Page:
Attenuated Francisella asiatica iglC mutant induces protective immunity to francisellosis in tilapia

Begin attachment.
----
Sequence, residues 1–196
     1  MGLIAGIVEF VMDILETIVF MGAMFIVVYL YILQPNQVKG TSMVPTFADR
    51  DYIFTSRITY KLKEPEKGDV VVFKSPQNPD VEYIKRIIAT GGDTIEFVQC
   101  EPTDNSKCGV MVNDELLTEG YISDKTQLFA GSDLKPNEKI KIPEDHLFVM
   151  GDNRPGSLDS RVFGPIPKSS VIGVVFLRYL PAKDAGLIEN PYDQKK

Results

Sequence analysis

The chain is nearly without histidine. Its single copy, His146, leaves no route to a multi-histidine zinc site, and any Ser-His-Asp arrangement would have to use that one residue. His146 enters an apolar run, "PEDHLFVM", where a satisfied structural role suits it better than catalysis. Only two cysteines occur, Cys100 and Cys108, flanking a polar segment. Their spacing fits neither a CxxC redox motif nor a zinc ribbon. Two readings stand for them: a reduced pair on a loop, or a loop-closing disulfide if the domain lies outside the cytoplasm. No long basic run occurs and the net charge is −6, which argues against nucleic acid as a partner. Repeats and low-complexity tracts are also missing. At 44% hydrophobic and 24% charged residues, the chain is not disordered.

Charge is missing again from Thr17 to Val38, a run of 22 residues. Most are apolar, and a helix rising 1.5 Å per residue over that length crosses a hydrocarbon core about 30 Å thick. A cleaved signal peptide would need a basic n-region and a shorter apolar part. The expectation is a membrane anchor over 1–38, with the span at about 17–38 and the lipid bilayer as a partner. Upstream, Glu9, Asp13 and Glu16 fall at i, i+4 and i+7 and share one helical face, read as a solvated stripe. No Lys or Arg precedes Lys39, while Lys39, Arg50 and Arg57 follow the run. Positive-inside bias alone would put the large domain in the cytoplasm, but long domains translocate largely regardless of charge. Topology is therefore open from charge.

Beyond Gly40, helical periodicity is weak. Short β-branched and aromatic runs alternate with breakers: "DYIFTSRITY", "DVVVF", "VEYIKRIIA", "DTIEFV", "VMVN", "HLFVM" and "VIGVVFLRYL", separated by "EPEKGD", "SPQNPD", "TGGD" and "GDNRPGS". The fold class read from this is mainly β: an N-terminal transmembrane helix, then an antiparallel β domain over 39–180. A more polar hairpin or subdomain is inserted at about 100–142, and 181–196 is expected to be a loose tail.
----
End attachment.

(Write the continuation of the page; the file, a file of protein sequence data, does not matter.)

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Francisella asiatica is a Gram-negative, facultative intracellular bacteria that causes fish francisellosis. Fish francisellosis is a severe sub-acute to chronic granulomatous disease with high mortalities and high infectivity rates in cultured and wild fish. To date, there is no approved vaccine for this widespread emergent disease. The goal of this study was to characterize the efficacy of a defined F. asiatica mutant (ΔiglC) as a live attenuated vaccine against subsequent immersion challenge with the wild-type (WT) organism. In previous work, the ΔiglC was found to be attenuated upon intraperitoneal injection and immersion challenges. In vitro, the ΔiglC exhibited reduced growth in tilapia head-kidney derived macrophages, and was significantly attenuated (p<0.001) as demonstrated by cytopathogenic and apoptosis assays. In this study, the ΔiglC was tested to determine its ability to protect tilapia against challenge with high doses (lethal dose 80) of WT bacteria. Naïve tilapia vaccinated by immersion with a suspension of the ΔiglC and subsequently challenged with WT F. asiatica were protected (90% mean percent survival) from the lethal challenges. F. asiatica-specific antibodies produced in response to immunization with the ΔiglC were subsequently found to protect naïve tilapia against high-dose F. asiatica challenge in passive immunization experiments. Significant protection (p<0.001) was obtained when fish were passively immunized and challenged with 104 and 105CFU/fish of WT F. asiatica; but not when challenged with 106CFU/fish. This is the first report of a defined live attenuated strain providing protection against F. asiatica in fish. © 2010 Elsevier Ltd.

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